In: Performing Arts

Louise_OKelly

Louise O’Kelly. Photo: © Louise Greidinger

Louise O’Kelly found Block Universe London, the performance art festival, four years ago.

Coming from the art background, Louise discovered her interest towards performance art while working in a gallery that represented the estates of many performance artists from the 60’s and 70’s. She then continued to study Contemporary Art Theory at Goldsmiths and focused her research on performance and memory studies.

We talked about how Louise came up with the idea for Block Universe, how she accepted the challenges, backed the venture and became a successful female entrepreneur in the art industry.

maria_hassabi_staging_solo_#2_photo_thomas_poravas

Maria Hassabi, STAGING: Solo #2, 2018. UK premiere presented by Block Universe and The Store X. Photography ©Manuela Barczewski.

ABOUT BLOCK UNIVERSE

Hi, Louise! It’s so nice to meet you. Tell me about how you came up with an idea for Block Universe.

Hi, Daria! Block Universe was born out of a desire to support artists who work with performance and to create a platform to promote this medium. As someone who loved going to see this type of work, I was conscious that it was primarily being programmed in galleries and museums as either a form of entertainment at the opening of an exhibition, or as part of the public programme in response to the main show. Rarely, if ever, it was being given space in its own right. I felt it was important that this new generation of artists working with the performance was acknowledged and that space was created where performance was the focus, even if that was just for one week in the year.

How did you back your idea?

We still work with very tight budgets, but the first year was on a complete shoestring. We put in a successful bid to Arts Council England and called in as many favors as we could to make it all happen. I and two friends – Nicky van Breugel and Xica Aires – put in many late nights to pull it together. I knew that many artists received little or no pay for their performances and that they were often under-resourced, so my goal was to ensure that the artists were fairly paid and received appropriate support. To supplement what we had already raised, we launched a Kickstarter campaign to secure fees and costs towards the productions.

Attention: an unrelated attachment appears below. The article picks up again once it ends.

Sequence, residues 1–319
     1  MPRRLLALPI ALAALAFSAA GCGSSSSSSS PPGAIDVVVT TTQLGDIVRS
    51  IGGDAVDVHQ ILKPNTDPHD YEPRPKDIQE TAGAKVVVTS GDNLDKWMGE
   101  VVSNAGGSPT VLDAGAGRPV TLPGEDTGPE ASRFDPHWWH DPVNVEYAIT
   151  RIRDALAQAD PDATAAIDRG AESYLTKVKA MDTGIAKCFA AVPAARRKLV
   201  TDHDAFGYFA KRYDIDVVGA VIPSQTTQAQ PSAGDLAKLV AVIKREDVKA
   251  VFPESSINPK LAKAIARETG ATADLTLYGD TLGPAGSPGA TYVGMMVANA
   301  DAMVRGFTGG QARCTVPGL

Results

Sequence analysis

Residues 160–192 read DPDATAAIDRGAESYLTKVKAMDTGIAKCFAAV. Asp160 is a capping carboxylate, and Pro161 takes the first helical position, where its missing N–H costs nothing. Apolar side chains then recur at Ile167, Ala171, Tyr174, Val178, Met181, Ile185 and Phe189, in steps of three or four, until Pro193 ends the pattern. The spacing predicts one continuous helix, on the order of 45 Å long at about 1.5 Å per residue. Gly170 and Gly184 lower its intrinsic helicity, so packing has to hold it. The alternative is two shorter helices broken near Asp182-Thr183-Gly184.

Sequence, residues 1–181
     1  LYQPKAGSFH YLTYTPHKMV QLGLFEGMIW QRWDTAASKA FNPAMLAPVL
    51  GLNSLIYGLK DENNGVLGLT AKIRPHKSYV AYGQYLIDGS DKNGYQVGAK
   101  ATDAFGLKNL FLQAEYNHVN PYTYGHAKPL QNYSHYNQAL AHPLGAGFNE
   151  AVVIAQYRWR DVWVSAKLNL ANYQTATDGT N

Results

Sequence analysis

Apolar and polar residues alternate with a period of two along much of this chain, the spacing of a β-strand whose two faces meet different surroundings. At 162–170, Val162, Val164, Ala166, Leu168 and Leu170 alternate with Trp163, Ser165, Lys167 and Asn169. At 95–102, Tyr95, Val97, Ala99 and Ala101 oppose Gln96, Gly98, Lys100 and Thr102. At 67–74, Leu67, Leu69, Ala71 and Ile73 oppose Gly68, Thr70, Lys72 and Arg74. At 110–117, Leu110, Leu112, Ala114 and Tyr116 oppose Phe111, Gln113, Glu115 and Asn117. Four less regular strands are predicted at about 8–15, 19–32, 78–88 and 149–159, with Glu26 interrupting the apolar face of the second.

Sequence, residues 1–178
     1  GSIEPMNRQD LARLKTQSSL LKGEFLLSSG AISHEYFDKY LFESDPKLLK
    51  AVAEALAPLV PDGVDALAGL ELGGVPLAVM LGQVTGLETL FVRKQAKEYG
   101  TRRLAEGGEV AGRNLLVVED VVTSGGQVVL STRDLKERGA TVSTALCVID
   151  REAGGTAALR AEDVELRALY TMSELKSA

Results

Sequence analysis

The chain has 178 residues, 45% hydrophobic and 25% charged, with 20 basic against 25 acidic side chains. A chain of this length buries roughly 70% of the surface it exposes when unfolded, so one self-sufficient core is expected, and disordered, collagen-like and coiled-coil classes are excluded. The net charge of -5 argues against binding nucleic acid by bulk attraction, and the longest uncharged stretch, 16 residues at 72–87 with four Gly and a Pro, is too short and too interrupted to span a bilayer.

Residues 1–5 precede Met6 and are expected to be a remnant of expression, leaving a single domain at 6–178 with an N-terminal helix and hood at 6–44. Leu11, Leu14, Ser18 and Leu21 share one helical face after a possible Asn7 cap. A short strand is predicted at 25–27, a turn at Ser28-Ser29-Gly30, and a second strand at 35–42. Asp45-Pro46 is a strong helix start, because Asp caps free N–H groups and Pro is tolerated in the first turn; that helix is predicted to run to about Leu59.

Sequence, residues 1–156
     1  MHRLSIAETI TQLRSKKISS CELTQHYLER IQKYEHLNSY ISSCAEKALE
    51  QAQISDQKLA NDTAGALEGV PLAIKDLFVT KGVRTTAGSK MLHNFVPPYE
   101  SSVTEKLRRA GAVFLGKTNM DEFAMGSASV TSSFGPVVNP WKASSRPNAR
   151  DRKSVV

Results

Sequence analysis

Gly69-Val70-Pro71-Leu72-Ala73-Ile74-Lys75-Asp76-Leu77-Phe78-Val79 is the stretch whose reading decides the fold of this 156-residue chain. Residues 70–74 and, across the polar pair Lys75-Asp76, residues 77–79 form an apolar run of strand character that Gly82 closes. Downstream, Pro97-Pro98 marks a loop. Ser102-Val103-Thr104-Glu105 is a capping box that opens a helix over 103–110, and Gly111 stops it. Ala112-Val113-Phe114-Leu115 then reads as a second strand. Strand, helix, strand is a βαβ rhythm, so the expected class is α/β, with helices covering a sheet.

Why performance art?

To me, artists working with performance are making some of the most exciting work in the contemporary art field today. I see a new generation of artists creating work that is genuinely interdisciplinary and approaches live experience from a different perspective than previous generations of performance artists.

Having that element of live bodies moving, speaking, feeling, and sharing the same space as you create an intangible quality and an immediacy that I find compelling.

How do you find new artists?

I spend a lot of time researching, seeing shows and getting to know an artist’s practice as well as following recommendations. The internet is, of course, an incredibly useful tool, but doesn’t compare with seeing something live. There is no submission process, the selection of artist is lead instead by mine and my colleague’s research.

Why did you decide to have a pop-up structure, rather than a specific location?

I feel it’s important to look at the different contexts in which performance is presented and experienced, and how this alters audience expectations or adds another layer to the conception of the work. That shift between a white cube to a black box, a historical museum or space, which is none of those things, becomes a useful tool to think about where performance sits within traditional gallery models in the visual arts world, or how it operates within traditional theatre confines.

 What was the theme for this year’s fourth edition?